A Modern-Day Friend Of Earth

| December 5, 2000

A Modern-Day Friend Of Earth

Do art and politics belong together? It's an old debate that still raises hackles in the contemporary art scene. Does tackling politics somehow lessen the value of a work of art? Absolutely not, says T. Coraghessan Boyle, a prolific author who has won numerous awards and fellowships, including the PEN/Faulkner Award and a Guggenheim Fellowship.

In a recent interview with Marilyn Bauer of Environmental News Network, Boyle talks about his latest novel, A Friend of the Earth, which takes an unapologetic look at the negative impact of environmental trends. The book, set partly in the year 2025, depicts a world ravaged by global warming, harvested forests, and a ballooning human population.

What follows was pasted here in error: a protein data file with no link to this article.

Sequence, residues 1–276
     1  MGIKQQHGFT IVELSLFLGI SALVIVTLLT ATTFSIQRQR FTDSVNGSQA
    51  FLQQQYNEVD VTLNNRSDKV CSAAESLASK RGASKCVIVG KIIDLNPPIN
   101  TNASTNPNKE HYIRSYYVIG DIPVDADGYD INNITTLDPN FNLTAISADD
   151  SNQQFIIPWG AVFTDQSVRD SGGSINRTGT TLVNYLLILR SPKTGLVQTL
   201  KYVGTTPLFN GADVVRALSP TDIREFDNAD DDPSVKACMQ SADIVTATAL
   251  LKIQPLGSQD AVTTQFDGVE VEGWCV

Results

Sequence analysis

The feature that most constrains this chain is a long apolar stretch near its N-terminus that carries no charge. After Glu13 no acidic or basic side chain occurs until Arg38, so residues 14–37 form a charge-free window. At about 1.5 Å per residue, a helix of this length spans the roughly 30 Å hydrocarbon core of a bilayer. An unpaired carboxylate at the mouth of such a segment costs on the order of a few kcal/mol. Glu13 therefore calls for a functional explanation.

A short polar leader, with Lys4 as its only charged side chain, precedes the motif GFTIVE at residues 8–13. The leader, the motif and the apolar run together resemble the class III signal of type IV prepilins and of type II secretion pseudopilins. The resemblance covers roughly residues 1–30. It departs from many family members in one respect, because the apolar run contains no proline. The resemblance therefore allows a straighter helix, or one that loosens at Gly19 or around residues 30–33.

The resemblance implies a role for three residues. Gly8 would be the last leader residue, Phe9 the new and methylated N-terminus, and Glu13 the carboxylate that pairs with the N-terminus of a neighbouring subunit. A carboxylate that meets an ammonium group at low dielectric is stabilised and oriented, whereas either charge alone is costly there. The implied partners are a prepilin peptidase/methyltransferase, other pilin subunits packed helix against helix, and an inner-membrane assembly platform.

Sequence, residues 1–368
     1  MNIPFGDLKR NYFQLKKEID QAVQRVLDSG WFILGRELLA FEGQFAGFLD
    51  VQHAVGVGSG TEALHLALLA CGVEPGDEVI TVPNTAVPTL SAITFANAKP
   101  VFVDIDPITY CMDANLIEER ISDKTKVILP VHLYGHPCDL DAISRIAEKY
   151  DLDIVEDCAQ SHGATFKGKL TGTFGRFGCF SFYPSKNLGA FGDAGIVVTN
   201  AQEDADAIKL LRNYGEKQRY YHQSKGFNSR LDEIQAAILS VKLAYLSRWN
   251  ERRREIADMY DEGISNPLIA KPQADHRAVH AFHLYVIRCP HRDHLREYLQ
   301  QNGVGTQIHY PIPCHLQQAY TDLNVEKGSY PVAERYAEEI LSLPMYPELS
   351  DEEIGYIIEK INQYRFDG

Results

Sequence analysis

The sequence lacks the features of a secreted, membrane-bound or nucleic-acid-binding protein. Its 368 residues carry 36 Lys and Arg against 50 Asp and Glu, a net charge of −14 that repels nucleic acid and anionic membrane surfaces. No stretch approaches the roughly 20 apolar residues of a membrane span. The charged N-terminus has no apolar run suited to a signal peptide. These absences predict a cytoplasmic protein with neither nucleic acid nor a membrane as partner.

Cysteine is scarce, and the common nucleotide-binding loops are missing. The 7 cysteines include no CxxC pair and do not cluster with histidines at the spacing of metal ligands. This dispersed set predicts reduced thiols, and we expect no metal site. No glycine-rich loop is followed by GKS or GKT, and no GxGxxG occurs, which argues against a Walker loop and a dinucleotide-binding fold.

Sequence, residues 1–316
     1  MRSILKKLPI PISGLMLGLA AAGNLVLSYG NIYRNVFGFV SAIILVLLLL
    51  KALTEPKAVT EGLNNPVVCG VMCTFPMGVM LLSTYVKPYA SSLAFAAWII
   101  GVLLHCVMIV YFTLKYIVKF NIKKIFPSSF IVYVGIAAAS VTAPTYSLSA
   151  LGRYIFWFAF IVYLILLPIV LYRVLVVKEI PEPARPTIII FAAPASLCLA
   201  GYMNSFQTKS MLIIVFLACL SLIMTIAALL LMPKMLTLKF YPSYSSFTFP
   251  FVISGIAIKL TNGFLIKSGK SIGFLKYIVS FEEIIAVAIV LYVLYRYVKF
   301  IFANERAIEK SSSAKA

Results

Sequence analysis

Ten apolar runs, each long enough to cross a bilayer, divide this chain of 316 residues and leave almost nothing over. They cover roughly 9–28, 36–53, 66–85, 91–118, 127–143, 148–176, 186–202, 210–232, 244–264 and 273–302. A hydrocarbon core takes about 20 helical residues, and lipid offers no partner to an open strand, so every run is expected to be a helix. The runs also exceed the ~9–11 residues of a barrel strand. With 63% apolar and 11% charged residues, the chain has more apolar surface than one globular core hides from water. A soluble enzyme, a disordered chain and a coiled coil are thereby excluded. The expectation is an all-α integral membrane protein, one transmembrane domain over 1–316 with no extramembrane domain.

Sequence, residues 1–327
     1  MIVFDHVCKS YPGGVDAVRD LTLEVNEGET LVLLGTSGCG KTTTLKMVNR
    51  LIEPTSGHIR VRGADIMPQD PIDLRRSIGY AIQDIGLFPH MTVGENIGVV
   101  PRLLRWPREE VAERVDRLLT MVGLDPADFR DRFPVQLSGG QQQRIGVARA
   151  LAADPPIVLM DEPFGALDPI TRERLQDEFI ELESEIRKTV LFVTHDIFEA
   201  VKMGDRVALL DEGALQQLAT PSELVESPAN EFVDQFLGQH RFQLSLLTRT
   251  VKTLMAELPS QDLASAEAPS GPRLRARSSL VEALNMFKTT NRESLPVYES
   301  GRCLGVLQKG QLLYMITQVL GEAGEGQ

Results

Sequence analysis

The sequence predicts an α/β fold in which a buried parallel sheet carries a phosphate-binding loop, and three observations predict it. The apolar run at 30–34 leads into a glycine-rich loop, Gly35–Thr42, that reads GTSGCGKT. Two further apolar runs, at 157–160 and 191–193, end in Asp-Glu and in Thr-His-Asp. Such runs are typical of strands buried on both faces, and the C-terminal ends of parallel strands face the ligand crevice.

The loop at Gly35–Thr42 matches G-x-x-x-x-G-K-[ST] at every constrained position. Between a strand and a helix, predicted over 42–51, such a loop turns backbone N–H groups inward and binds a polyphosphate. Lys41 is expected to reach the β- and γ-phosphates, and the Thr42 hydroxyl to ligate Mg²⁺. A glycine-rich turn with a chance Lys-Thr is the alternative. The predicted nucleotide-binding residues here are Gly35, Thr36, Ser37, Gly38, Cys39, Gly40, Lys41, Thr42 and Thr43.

'I'm just having some black fun with who we are now,' Boyle offers, 'but projecting it a little into the future--all the habitat and loss of creatures, the destruction of the forests and the denuding of the oceans.'

For the real world, Boyle predicts nothing short of an ecological Armageddon. 'No matter what we do it's over,' he says. 'I don't think it's going to happen in 25 years. It will be a degradation of everything that makes life worth living. It's not going to be Mad Max and a bunch of dirt and people fighting tattooed gangs for gas. Fifty years from now there will be a lot fewer things left and a lot more mini-malls if the whole thing doesn't collapse entirely.'

Although his comments display an almost nihilistic attitude toward the ecosystem, Boyle becomes quite emotional about the deterioration of the environment. 'I've been depressed for years,' he reveals. 'When I go on tour, we don't have Q & As anymore. Now we pass out hankies, cry and go home.'
--Anjula Razdan
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